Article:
We’re wired to be social creatures, and sites like Twitter and Facebook have capitalized on this to great success. According to its COO Sheryl Sandberg, Facebook draws 175 million logins every day.
But with this tremendous popularity comes a dark side as well. Virus writers and other cybercriminals go where the numbers are — and that includes popular social media sites. To help you avoid a con or viral infection, we’ve put together this list of the top five social media scams.
You’ve likely seen this one before — the dreaded chain letter has returned. It may appear in the form of, “Retweet this and Bill Gates will donate $5 million to charity!” But hold on, let’s think about this. Bill Gates already does a lot for charity. Why would he wait for something like this to take action? Answer: He wouldn’t. Both the cause and claim are fake.
So why would someone post this? Good question. It could be some prankster looking for a laugh, or a spammer needing “friends” to hit up later. Many well-meaning people pass these fake claims onto others. Break the chain and inform them of the likely ruse.
By their very nature, social media sites make it easy for us to stay in touch with friends, while reaching out to meet new ones. But how well do you really know these new acquaintances? That person with the attractive profile picture who just friended you — and suddenly needs money — is probably some cybercriminal looking for easy cash. Think twice before acting. In fact, the same advice applies even if you know the person.
Picture this: You just received an urgent request from one of your real friends who “lost his wallet on vacation and needs some cash to get home.” So, being the helpful person you are, you send some money right away, per his instructions. But there’s a problem: Your friend never sent this request. In fact, he isn’t even aware of it. His malware-infected computer grabbed all of his contacts and forwarded the bogus email to everyone, waiting to see who would bite.
Again, think before acting. Call your friend. Inform him of the request and see if it’s true. Next, make sure your computer isn’t infected as well.
“What type of STAR WARS character are you? Find out with our quiz! All of your friends have taken it!” Hmm, this sounds interesting, so you enter your info and cell number, as instructed. After a few minutes, a text turns up. It turns out you’re more Yoda than Darth Vader. Well, that’s interesting … but not as much as your next month’s cell bill will be.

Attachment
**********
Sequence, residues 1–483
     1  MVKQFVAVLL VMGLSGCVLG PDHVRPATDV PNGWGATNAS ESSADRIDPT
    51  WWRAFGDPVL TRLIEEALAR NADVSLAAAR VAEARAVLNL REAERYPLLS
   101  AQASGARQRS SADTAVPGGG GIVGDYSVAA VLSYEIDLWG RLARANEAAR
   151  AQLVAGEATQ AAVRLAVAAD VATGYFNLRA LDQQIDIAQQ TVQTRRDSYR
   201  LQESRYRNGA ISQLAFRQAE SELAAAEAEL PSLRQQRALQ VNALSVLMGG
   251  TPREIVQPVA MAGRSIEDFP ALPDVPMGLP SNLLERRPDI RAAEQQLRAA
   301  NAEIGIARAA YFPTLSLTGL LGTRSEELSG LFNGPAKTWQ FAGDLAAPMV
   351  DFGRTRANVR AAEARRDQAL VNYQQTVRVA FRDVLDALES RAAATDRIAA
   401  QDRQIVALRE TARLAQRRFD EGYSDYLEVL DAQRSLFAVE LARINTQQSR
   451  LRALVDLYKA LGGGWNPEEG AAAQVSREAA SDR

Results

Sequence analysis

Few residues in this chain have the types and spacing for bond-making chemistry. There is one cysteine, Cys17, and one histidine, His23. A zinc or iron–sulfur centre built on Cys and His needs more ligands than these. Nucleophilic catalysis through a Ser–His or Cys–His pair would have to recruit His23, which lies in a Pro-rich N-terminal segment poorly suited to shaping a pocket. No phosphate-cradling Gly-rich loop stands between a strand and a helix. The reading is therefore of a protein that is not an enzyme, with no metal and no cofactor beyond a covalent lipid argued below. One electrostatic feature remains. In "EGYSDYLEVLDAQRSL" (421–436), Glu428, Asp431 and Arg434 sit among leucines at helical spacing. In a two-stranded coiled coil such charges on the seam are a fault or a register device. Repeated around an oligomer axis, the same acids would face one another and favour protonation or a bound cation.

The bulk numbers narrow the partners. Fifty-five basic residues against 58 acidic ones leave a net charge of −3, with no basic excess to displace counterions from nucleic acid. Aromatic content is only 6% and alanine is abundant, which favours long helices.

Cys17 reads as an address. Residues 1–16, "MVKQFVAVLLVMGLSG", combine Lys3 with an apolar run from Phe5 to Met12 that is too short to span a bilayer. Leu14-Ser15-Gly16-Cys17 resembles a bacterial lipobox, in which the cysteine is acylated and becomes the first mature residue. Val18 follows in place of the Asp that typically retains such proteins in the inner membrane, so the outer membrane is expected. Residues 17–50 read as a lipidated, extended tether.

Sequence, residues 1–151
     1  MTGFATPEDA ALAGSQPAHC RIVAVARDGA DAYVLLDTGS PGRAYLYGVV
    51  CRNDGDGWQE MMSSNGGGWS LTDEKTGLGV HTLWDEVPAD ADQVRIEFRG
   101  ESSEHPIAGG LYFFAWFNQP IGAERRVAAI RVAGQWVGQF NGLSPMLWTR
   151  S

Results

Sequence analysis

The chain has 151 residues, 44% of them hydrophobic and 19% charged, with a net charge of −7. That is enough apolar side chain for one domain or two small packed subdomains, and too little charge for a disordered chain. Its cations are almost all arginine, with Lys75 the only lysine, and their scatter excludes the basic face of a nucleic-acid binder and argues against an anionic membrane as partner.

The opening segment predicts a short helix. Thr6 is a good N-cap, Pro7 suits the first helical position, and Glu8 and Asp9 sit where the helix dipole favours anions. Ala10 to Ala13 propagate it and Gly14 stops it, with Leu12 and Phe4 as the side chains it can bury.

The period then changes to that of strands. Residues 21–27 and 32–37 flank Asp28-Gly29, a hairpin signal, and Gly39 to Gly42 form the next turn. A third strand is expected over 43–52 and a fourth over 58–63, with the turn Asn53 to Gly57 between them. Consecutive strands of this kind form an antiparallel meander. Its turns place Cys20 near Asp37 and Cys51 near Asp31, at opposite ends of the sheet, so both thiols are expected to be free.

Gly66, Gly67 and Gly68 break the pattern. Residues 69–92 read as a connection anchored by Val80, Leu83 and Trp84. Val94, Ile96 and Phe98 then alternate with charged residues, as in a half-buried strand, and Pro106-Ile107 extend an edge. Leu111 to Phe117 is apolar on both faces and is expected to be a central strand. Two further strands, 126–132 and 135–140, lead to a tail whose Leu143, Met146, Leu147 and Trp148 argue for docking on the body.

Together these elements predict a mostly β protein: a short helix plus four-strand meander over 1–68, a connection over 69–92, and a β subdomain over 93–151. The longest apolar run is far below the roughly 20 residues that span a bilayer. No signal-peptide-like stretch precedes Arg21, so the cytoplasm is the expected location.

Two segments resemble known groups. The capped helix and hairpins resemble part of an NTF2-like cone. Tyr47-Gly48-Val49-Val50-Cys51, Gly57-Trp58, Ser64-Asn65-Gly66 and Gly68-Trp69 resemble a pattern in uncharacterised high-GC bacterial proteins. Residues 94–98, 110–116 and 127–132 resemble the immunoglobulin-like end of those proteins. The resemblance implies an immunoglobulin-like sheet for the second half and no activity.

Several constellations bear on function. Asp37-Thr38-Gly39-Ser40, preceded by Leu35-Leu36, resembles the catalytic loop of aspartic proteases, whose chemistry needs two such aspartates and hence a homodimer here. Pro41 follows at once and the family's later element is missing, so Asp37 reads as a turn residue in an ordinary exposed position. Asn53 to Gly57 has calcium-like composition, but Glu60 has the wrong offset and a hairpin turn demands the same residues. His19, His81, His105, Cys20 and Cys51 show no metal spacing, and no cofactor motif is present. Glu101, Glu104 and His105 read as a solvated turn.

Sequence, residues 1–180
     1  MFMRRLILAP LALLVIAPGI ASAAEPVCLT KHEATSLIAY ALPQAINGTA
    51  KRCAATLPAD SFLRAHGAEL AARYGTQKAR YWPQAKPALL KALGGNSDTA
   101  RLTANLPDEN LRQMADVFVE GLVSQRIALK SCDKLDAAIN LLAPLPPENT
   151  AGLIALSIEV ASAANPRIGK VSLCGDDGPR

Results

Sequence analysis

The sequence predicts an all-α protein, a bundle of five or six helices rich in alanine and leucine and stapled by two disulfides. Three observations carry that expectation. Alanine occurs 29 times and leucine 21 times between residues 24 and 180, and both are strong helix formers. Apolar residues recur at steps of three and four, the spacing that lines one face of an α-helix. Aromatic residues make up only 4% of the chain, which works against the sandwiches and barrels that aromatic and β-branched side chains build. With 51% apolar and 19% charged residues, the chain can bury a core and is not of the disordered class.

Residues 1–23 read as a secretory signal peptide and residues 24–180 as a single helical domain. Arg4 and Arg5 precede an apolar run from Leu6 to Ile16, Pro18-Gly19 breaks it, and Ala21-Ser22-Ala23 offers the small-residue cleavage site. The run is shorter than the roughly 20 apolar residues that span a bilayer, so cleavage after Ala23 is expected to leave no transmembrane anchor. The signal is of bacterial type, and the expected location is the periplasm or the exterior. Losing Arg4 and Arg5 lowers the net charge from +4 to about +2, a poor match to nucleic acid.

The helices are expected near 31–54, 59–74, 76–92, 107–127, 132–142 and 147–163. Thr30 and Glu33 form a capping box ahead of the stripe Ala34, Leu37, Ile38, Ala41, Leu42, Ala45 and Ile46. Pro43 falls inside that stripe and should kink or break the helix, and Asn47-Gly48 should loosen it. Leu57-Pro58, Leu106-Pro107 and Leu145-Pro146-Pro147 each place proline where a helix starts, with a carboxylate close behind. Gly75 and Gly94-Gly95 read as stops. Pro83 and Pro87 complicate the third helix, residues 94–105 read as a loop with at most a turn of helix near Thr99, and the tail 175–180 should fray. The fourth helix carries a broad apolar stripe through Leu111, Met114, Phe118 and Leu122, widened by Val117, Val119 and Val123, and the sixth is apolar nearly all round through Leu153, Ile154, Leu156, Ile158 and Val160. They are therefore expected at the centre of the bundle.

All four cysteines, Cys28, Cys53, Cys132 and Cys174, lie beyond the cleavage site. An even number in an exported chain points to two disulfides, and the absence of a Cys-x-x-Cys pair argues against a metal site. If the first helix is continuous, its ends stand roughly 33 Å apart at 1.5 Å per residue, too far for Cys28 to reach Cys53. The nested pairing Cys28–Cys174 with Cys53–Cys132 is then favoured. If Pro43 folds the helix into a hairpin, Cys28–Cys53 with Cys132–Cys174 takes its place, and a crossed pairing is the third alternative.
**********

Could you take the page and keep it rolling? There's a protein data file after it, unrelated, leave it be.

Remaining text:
You’ve also just unwittingly subscribed to some dubious service that charges $9.95 every month.
As it turns out, that “free, fun service” is neither. Be wary of these bait-and-switch games. They tend to thrive on social sites.
“Somebody just put up these pictures of you drunk at this wild party! Check ’em out here!” Huh? Let me see that! Immediately, you click on the enclosed link, which takes you to your Twitter or Facebook login page. There, you enter your account info — and a cybercriminal now has your password, along with total control of your account.
How did this happen? Both the email and landing page were fake. That link you clicked took you to a page that only looked like your intended social site. It’s called phishing, and you’ve just been had. To prevent this, make sure your Internet security includes antiphishing defenses. Many freeware programs don’t include this essential protection.
Beware of blindly clicking on shortened URLs. You’ll see them everywhere on Twitter, but you never know where you’re going to go since the URL (“Uniform Resource Locator,” the Web address) hides the full location. Clicking on such a link could direct you to your intended site, or one that installs all sorts of malware on your computer.
URL shorteners can be quite useful. Just be aware of their potential pitfalls and make sure you have real-time protection against spyware and viruses.
Bottom line: Sites that attract a significant number of visitors are going to lure in a criminal element, too. If you take security precautions ahead of time, such as using antivirus and anti-spyware protection, you can defend yourself against these dangers and surf with confidence.
Article Source: norton.com
Before you start risking your money, check the credibility of the desired website. Search for its URL in the our long list of Scam sites, or send us a request to check its validity, and do not register, buy or invest in it until you are sure of the validity and legality of that website or platform.